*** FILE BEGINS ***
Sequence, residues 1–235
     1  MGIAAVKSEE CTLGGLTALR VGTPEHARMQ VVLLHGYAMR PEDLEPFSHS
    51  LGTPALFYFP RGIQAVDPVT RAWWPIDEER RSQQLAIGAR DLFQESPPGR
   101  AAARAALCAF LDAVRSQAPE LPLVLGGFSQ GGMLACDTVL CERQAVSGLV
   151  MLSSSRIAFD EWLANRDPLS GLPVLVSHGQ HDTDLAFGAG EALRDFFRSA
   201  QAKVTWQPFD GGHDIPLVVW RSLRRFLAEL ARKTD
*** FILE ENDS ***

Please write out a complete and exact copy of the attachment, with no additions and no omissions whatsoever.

Sequence, residues 1–235
     1  MGIAAVKSEE CTLGGLTALR VGTPEHARMQ VVLLHGYAMR PEDLEPFSHS
    51  LGTPALFYFP RGIQAVDPVT RAWWPIDEER RSQQLAIGAR DLFQESPPGR
   101  AAARAALCAF LDAVRSQAPE LPLVLGGFSQ GGMLACDTVL CERQAVSGLV
   151  MLSSSRIAFD EWLANRDPLS GLPVLVSHGQ HDTDLAFGAG EALRDFFRSA
   201  QAKVTWQPFD GGHDIPLVVW RSLRRFLAEL ARKTD